In a presentation copy of Through the Looking-Glass (l871), Lewis Caroll wrote a brief note and his signature in mirror image, a nice metaphor to keep in mind when reading Destructive Generation: Second Thoughts About the Sixties. Peter Collier and David Horowitz were members of the New Left in the 1960’s; in the 1980’s they are Cold War warriors of the avenging Right. They have faced their past from the other side of the mirror, but they have forsaken none of the arrogance and self-righteousness that once made them anathema to the besieged forces of racism and imperialism. Their book, a collection of essays, further confuses the boundaries between liberal, left, right, moderate, and center—all terms that seem incomprehensible following the 1988 elections, during which candidate George Bush was able to becloud the traditional “liberal” in a miasma of rhetoric. The far Left and the liberal were welded together in his portrayal of the 1980’s; a generation ago, as editors of Ramparts magazine, Collier and Horowitz combined with others to accuse the liberal of being the soul brother of the reactionary Right. Wherever Collier and Horowitz appear on the political spectrum, their opponents are traitors, scoundrels, fools, and liberals.
An attempt at explaining this phenomenon is made in the third and final section of the book, where, instead of writing as a team, Collier and Horowitz offer individual self-portraits, each man recounting his political journey from left to right. Collier explains how he left Southern California in 1959 to attend the University of California at Berkeley. The Berkeley of that era, Collier recalls, was a city clean and pure, “a refuge for creative eccentricity,” a “liberated zone of cosmopolitanism within the provincial squareness of the state.” Once a great city and home to a great university it is now a sordid wasteland, marred by crime, a decaying school system, and anti-American politics. The cause of this tragedy:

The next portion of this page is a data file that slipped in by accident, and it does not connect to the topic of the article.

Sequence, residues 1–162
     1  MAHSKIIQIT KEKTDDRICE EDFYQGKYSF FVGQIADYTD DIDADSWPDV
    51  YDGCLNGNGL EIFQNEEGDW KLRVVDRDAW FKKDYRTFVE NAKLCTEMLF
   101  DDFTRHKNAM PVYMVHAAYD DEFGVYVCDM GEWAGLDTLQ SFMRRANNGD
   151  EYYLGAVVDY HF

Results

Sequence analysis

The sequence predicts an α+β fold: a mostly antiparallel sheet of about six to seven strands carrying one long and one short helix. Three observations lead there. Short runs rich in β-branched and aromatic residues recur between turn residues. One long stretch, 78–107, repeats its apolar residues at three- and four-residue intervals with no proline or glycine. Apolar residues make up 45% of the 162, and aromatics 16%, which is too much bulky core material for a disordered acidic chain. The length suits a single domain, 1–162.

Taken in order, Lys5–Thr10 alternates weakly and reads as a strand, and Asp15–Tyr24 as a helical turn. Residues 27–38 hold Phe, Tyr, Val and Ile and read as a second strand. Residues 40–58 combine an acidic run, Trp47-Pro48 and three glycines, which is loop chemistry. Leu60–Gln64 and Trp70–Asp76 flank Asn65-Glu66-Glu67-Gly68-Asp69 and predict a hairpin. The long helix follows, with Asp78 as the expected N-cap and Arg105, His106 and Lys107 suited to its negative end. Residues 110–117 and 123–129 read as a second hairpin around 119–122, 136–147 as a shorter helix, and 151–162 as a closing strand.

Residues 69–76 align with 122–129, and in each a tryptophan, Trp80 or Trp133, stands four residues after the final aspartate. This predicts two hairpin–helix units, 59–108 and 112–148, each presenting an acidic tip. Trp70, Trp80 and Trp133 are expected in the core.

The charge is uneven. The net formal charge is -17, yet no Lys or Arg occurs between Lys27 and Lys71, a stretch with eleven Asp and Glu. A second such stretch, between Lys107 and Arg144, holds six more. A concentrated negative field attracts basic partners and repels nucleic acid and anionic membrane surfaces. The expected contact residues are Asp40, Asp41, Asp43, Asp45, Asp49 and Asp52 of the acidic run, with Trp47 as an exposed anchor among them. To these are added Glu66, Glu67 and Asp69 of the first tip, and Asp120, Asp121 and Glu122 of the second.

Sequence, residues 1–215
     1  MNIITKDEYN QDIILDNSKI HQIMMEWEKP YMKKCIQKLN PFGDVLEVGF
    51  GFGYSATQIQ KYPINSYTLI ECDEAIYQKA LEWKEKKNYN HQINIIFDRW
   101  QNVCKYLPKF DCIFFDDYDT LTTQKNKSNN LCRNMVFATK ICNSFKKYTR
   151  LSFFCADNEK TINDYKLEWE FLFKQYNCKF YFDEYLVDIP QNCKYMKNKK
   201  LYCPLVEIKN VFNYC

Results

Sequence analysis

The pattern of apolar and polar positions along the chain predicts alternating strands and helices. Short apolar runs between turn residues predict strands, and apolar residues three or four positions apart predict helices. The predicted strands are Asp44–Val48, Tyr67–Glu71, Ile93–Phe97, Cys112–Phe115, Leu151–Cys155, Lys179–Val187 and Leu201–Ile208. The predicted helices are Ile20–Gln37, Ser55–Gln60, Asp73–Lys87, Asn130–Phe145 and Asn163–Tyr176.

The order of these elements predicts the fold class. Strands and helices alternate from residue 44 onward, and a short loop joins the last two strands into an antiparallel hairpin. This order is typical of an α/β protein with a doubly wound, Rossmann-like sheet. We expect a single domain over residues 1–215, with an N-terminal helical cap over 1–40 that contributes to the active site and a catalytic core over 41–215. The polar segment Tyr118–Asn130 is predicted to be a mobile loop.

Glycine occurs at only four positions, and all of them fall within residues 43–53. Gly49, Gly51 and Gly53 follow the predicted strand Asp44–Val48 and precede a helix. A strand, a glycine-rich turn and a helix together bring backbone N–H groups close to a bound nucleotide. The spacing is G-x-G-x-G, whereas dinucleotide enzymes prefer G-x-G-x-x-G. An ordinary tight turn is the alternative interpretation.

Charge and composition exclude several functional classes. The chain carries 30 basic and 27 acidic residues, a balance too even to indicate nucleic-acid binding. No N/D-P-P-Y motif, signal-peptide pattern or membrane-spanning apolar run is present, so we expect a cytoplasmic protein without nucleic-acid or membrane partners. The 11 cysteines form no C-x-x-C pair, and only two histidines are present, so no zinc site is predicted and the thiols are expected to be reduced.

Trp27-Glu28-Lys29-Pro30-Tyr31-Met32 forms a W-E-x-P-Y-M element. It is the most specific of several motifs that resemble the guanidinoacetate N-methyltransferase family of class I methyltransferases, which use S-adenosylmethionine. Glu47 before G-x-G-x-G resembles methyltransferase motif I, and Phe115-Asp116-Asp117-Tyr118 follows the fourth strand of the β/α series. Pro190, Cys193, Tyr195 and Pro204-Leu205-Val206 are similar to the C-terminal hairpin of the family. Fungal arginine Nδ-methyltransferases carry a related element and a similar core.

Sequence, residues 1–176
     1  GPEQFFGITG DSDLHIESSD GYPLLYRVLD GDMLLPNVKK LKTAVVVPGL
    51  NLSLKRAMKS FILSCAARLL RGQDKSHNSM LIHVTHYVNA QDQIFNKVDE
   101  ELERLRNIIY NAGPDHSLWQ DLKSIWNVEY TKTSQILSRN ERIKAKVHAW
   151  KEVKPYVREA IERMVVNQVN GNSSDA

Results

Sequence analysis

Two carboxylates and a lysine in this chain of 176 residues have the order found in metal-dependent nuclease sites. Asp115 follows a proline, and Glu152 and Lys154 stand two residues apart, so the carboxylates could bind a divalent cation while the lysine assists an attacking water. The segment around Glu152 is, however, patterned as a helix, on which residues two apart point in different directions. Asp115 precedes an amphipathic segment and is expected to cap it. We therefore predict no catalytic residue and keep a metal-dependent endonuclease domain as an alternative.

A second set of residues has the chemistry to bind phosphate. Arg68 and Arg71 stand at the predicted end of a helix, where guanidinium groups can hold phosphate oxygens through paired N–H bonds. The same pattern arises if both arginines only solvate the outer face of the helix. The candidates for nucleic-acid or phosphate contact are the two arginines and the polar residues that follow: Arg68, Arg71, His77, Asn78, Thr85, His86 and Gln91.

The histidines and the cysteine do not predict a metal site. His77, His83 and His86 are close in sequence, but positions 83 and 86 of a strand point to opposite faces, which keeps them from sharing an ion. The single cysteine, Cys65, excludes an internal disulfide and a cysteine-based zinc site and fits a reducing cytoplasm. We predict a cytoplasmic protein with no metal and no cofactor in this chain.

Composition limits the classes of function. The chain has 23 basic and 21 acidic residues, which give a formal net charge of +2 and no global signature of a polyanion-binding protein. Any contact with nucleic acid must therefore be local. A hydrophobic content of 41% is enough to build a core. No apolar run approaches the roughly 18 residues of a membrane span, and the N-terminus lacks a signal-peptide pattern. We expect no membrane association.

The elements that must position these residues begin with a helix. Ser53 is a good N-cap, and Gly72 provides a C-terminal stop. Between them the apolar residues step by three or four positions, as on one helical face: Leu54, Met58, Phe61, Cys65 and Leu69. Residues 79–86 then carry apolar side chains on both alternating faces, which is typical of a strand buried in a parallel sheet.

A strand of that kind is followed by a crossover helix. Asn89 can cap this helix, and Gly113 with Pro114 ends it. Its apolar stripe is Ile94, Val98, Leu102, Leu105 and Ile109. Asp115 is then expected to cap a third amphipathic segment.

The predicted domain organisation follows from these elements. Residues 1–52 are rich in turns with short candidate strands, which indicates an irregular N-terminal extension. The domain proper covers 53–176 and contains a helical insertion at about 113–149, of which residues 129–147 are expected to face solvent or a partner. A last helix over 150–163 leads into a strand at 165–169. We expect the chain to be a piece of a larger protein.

“radical schemes and schemers.” Collier portrays himself as so politically naive in those years as not to know who Leon Trotsky was—so naive that he almost embarked on a private yacht to Havana to help Fidel Castro because “it seemed like something Brando or James Dean might do.” Instead he went to Berkeley and joined the march leftward. It was an impressive sojourn through the Free Speech Movement, a summer in Birmingham teaching at Miles College, and, following a failed bid to elect Robert Scheer as a congressman, a stint as a journalist for
Ramparts; all the while he was working on his Ph.D. dissertation on Jane Austen. At Ramparts Collier recognized the value of Eldridge Cleaver with his “background as a rapist” because it “gave us a certain authenticity we had lacked with radical blacks.” Through Cleaver, Ramparts formed a coalition with the Black Panther Party, a fateful act central to Collier’s and Horowitz’s peregrinations. In Collier’s account it is difficult to distinguish what he did from what the Left did—he mixes “I” and “we” continually, hiding perhaps his less than decisive role in the movement. He acknowledges that Ramparts specialized in “liberal bashing,” turning out poorly researched articles with facts shoehorned into “our view of reality.” Yet he stayed on and participated in this mock journalism, joining with Horowitz to remove Robert Scheer as editor; this was his act of war while others “stockpiled weapons” to prepare for the revolution that never came. As the Left degenerated, Collier watched many of his “old comrades apply to graduate school in the universities they had failed to burn down so that they could get advanced degrees and spread the ideas that had been discredited in the streets under an academic cover.” He and Horowitz (David more so than he) turned to the Black Panther Party, the members of which “allowed us white radicals to project our violent fantasies about ’vanguards’ onto them.”
It was at this point that Collier pulled back from “the radical brink” and found a refuge in his family. As the horrors of the crimes of the Left became apparent to him, he made peace with his father, who was dying from cancer. In a state of despair Collier turned to writing with David Horowitz. As they gained success—their biography The Rockefellers: An American Dynasty (1976) was a best-seller, and similar collaborations on the Kennedys and the Fords followed—they became increasingly estranged from their old friends and the positions they once held. In 1985 they published their famous piece “Lefties for Reagan” in The Washington Post Magazine; their transmogrification was complete. Collier told Horowitz he felt like an American for the first time in twenty-five years. Horowitz responded, “I feel like an American for the first time in...
(The entire section is 2003 words.)